The above inequalities allow us to model typical constraints in
this type of systems. For example, the level of the canals has to
be kept between minimum and maximum levels. Similar intervals
apply for the manipulated variables, such as the opening of the
gates. Finally, note that the requirement that the polyhedra contain
the origin in their interior can be addressed with a simple change
of variable.

xp (0) = xi (t)
xp (k) p , k = 0, . . . N
uj (k) uj , k = 0, . . . N 1,
Uj = Ujd (t), j
/ nprop

j np

In this optimization problem, agent p optimizes over a set nprop


of inputs that affect its dynamics, that is, nprop np . Based on the
optimal solution of this optimization problem, agent p presents a
p
proposal dened by a set of input trajectories {Uj (t)}
where
j nprop

3.3.2. DMPC algorithm at lower level


The control objective of the proposed scheme is to minimize a
global performance index dened as the sum of each of the local
cost functions. The local cost function of agent i is based on the
predicted trajectories of its state and inputs and it is dened as
Ji (xi , {Uj }j n ) =

N1


Li (xi (k), {uj (k)}j n )

(13)

k=0

where Uj ={uj (k)} is the future trajectory of input j, N is the prediction horizon, Li ( ) with i Mx is the stage cost function dened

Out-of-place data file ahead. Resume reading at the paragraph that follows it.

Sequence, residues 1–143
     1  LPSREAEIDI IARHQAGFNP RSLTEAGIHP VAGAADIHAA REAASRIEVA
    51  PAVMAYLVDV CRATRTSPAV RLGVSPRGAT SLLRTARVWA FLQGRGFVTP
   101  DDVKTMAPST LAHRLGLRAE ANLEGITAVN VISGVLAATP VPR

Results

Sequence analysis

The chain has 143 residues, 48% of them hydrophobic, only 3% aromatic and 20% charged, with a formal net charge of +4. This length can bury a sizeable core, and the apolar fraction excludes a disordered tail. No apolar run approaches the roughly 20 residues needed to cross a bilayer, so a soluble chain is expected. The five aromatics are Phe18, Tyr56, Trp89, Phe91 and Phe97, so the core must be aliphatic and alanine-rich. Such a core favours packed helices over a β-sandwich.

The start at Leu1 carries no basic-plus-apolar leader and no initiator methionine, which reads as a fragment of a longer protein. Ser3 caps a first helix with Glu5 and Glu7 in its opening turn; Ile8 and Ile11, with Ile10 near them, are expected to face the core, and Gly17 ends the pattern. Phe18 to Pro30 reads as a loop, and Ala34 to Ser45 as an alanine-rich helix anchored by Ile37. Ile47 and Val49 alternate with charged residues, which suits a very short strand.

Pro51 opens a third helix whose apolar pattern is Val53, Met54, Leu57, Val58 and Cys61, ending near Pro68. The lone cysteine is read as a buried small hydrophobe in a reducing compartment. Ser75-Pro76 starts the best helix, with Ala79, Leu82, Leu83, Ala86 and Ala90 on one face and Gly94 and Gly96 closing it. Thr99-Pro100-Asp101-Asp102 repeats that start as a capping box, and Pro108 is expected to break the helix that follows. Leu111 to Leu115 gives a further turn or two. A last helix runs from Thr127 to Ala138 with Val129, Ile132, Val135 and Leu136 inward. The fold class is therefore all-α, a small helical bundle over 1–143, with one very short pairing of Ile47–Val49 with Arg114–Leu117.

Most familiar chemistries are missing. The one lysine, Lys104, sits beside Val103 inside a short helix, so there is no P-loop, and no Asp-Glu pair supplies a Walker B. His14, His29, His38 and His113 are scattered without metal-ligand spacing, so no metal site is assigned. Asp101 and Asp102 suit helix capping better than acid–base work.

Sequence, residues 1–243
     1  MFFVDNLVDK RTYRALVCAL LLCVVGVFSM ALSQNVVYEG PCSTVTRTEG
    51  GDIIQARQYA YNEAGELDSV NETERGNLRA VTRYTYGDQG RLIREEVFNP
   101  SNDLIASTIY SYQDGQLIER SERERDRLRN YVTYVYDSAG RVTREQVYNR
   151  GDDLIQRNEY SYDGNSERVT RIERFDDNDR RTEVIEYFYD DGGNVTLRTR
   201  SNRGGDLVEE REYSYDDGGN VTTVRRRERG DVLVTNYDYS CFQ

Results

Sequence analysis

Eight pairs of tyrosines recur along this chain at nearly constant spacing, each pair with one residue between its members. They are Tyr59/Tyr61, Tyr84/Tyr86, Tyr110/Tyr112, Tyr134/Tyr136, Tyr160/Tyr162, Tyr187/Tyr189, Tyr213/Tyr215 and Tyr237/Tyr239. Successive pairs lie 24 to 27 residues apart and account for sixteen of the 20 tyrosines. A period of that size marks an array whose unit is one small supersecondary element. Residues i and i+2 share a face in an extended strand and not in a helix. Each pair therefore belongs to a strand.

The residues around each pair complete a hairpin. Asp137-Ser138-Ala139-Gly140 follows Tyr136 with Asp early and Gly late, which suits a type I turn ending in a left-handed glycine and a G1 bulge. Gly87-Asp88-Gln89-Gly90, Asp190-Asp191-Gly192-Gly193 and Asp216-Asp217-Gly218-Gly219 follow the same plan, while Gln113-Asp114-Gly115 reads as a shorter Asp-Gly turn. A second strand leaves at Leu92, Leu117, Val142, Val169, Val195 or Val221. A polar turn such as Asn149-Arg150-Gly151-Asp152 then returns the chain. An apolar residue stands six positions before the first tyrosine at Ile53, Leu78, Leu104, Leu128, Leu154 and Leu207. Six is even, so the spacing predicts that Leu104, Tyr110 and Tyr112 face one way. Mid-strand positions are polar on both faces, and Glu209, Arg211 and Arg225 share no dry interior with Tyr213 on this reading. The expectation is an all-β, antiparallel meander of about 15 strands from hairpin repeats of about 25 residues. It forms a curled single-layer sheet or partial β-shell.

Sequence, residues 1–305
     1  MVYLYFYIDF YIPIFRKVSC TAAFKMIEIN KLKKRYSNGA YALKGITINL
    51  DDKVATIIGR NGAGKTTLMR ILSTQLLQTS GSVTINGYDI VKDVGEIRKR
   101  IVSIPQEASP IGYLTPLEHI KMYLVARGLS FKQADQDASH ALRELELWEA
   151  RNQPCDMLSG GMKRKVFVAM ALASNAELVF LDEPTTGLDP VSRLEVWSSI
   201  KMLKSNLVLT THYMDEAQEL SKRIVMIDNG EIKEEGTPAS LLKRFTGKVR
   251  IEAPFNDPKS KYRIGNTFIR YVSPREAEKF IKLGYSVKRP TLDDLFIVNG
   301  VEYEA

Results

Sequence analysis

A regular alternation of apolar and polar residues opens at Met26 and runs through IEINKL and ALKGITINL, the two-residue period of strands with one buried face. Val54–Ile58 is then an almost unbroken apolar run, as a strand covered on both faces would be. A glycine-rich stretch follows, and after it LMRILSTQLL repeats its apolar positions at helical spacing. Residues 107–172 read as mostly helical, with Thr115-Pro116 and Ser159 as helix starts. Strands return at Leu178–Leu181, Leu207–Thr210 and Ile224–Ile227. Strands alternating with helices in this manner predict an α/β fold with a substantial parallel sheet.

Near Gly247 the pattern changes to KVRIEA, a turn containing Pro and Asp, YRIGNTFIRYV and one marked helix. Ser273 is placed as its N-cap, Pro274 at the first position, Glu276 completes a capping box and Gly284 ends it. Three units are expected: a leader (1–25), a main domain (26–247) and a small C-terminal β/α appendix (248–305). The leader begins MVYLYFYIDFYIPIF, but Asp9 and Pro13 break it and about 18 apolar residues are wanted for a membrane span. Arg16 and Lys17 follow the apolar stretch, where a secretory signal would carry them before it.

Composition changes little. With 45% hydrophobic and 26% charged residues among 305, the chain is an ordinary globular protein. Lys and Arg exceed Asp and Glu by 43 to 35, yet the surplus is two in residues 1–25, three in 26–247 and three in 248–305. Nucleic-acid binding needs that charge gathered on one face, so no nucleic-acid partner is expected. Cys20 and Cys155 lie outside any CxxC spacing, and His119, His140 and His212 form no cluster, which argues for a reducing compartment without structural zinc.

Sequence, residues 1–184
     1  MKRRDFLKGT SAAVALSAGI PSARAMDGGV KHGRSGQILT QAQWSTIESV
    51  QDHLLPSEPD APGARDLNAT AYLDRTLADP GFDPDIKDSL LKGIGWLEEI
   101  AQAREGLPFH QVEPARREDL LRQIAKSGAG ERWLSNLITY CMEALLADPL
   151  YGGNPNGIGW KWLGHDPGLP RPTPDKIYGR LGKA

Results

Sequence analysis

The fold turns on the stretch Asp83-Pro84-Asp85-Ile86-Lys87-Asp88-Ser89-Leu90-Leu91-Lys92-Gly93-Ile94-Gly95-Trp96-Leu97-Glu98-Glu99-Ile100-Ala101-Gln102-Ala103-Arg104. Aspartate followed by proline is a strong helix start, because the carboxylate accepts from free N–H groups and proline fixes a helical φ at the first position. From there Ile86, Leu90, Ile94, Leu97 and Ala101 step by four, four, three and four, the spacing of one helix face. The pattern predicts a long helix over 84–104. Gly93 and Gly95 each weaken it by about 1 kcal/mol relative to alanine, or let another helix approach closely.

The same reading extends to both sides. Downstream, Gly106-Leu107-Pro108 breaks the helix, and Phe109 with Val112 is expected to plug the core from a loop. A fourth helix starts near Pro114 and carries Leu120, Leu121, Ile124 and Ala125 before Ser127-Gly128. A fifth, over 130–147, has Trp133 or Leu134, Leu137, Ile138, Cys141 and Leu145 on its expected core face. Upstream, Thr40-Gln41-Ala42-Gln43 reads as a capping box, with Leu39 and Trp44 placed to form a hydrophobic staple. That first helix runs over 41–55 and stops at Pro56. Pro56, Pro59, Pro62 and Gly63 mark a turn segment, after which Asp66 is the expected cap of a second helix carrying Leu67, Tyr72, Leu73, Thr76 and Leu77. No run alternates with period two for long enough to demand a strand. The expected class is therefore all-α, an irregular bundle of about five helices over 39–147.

as
T

Li (xi , {uj }j n ) = (xi h i (t)) Qi (xi h i (t)) +

uTj Sij uj

(14)

j ni

with Qi > 0, Sij > 0. Note that term h i (t) stands for the agent i reference.
We use notation xi (k) to denote state i, k-steps in the future,
obtained from the initial state xi applying the input trajectories
dened by {Uj }j n . Note that each of the local cost functions only
i

depends on the trajectories of its state and the inputs that affect it.
At the end of the negotiation rounds, the agents decide a set of
input trajectories denoted as Ud . The rst input of these trajectories
is applied, the rest of the trajectories are not discarded, however,
they are used instead to generate the initial proposal for the next
sampling round which is given by the shifted future input trajectories Us of all the inputs. The last input of each of these trajectories
is obtained simply by repeating the penultimate value.
We next dene the proposed distributed MPC scheme:
Initialization: A feasible initial set of input trajectories Ud ( 1) has
to be computed. Even if the calculation of Ud ( 1) is beyond the
scope of this work, it can be computed either by a centralized
supervisor or in a distributed manner by agents. Anyhow, note
that nding a feasible solution has a lower computational burden
than nding the optimal solution of the optimization problem.
Step 1: Each agent p measures its current state xp (t). The agents
communicate in order to obtain Us (t) from Ud (t 1). The initial